How to Get a Strong, Sexy Back
You know the experience: Standing in front of a full-length mirror, you appraise your body and decide what area you need to work on. Maybe it's those side bulges where your thighs meet your torso or a post-baby tummy that has lasted too long or gravity-challenged upper arms.
Many of us are overly critical of what we see in the mirror and ignore what we can't see easily—our backs. Yet exercising the back may be far more important to our overall good health, now and for years to come.
"People think about things first from an aesthetic standpoint," says Rebecca Seguin, PhD, CSCS, an exercise physiologist and strength-training expert based at the Fred Hutchinson Cancer Research Center in Seattle. "In the gym, you see them doing squats and lunges, paying so much attention to the lower body. Many people don't pay attention to the back until they're injured."
Such injury often comes not from accidents, but everyday activities. If you sit for hours in front of an electronic screen at work or home, lift heavy objects (such as patients or goods) or stand in one place for a long time, you may end up with an injured back and the resulting pain. Indeed, when it comes to injuries that cause lost time at work, the back leads all other body areas as the source of problems.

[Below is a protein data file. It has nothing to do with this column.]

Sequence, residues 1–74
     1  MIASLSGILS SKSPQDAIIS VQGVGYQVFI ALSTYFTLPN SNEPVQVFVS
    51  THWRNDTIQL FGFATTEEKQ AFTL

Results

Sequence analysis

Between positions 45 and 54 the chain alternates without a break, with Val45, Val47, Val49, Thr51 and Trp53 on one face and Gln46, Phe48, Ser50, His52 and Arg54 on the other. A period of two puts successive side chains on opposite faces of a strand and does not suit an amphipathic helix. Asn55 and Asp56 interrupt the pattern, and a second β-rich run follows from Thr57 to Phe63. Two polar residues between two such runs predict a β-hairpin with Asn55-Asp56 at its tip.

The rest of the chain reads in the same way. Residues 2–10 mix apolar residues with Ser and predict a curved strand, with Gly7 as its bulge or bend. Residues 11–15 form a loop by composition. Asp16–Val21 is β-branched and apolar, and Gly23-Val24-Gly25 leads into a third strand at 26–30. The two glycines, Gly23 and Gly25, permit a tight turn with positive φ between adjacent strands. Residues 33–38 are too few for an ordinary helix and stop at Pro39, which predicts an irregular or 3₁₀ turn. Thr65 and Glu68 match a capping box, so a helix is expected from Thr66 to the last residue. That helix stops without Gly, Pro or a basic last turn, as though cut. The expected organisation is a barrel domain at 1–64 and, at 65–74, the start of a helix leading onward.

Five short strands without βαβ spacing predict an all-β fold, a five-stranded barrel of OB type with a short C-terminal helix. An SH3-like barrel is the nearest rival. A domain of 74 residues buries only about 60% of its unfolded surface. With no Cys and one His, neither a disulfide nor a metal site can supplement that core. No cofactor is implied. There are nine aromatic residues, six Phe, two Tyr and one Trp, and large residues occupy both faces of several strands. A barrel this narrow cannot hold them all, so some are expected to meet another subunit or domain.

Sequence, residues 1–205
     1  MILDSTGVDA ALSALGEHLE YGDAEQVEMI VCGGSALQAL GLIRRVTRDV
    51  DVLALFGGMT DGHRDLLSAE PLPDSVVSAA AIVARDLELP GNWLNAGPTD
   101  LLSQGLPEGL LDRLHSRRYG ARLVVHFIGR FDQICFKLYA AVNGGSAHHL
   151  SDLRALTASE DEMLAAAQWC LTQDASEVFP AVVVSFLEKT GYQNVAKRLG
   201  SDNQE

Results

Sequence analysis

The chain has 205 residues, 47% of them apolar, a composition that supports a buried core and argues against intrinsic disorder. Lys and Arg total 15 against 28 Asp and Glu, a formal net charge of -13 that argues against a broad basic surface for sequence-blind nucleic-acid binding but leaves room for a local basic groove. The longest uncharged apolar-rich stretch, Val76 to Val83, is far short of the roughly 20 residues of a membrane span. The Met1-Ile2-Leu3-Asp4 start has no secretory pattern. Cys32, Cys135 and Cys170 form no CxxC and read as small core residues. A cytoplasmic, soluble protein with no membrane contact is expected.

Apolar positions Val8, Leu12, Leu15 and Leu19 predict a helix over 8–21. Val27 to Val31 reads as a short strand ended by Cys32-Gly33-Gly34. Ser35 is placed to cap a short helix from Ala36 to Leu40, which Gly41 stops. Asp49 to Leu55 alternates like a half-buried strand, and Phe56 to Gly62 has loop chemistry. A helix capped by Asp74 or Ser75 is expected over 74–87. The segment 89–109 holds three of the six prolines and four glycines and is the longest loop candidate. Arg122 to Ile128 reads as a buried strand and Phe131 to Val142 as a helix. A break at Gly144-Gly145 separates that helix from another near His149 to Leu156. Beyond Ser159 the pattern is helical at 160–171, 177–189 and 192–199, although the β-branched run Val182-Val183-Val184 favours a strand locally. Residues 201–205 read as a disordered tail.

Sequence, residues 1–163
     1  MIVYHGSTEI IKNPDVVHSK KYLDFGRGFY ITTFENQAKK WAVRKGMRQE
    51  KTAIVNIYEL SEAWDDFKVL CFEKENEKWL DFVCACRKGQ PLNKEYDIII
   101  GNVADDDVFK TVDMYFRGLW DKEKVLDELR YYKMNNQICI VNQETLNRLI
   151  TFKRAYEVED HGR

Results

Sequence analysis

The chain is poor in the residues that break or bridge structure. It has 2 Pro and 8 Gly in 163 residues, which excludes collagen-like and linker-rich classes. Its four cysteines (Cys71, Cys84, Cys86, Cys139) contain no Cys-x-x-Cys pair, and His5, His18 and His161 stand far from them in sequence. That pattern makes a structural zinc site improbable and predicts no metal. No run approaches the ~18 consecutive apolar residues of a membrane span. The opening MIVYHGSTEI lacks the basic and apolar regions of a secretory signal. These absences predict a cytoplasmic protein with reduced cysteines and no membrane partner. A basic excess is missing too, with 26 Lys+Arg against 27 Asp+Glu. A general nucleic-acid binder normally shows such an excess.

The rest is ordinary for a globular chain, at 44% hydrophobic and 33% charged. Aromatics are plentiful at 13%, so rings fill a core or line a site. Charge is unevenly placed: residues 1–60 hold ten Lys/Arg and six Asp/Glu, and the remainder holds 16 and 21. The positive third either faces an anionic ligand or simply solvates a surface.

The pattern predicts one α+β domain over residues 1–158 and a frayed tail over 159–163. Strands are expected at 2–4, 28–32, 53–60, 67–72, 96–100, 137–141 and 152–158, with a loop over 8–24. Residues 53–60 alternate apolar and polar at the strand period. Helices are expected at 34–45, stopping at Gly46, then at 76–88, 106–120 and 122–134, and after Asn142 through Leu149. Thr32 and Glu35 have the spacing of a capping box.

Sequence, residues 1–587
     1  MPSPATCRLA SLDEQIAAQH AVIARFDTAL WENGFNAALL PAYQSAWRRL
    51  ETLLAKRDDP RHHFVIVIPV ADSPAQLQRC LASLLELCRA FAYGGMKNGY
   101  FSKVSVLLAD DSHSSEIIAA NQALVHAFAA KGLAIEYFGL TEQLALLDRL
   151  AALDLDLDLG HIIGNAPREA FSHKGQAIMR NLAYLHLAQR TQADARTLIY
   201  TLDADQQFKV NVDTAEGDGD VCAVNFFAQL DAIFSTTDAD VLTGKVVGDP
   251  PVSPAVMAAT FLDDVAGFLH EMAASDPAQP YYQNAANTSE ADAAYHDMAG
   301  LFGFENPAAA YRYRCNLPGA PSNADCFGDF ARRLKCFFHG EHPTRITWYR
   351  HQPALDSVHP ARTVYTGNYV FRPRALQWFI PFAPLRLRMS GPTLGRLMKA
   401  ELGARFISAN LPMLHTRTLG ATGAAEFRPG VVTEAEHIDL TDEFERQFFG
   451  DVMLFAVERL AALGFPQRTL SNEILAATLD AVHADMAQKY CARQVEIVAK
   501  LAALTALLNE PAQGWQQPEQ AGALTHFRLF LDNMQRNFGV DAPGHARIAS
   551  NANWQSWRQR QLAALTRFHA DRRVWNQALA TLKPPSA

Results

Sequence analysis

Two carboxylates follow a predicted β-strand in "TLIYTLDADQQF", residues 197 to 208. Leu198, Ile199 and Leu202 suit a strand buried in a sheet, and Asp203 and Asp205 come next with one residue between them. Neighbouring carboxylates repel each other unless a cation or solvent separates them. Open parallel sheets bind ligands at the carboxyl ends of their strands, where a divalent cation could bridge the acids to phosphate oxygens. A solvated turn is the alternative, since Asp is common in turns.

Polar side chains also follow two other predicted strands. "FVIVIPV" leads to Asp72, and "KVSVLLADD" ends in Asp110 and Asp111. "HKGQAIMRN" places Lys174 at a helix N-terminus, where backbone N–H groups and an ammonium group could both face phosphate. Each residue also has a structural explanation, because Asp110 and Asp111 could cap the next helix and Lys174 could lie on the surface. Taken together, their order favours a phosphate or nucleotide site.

"We spend so much time sitting, with our backs supported," Dr. Seguin says. "Our daily lives have not only contributed to obesity, but to a lack of strength in functioning."
Build muscles and bone
Despite modern life, back pain isn't inevitable. Most injuries can be avoided, or pain relieved, by doing exercises to strengthen both the muscles and bones in your back.
Key muscles contributing to a healthy back include those that pull your back forward, extend it downward and lift it upright. When you help those muscles become stronger and more flexible, you support the spine and protect your back from harm. By doing simple back exercises (see examples below) a few times a week, muscles will readily grow stronger.
Bone strength in the spine may be built by lifting light weights at safe levels. Healthy women with good muscle strength can lift five-pound weights or more, depending upon their experience, says Mehrsheed Sinaki, MD, MS, professor of physical medicine and rehabilitation and a back exercise researcher at the Mayo Clinic in Rochester, Minnesota.
Women who are osteopenic (having early signs of bone loss), should use lower weights, from 2 to 5 lbs., Dr. Sinaki says. Those with osteoporosis can build bone strength by starting with 1-lb. weights or by doing exercises that use no weight and then gradually increasing over time.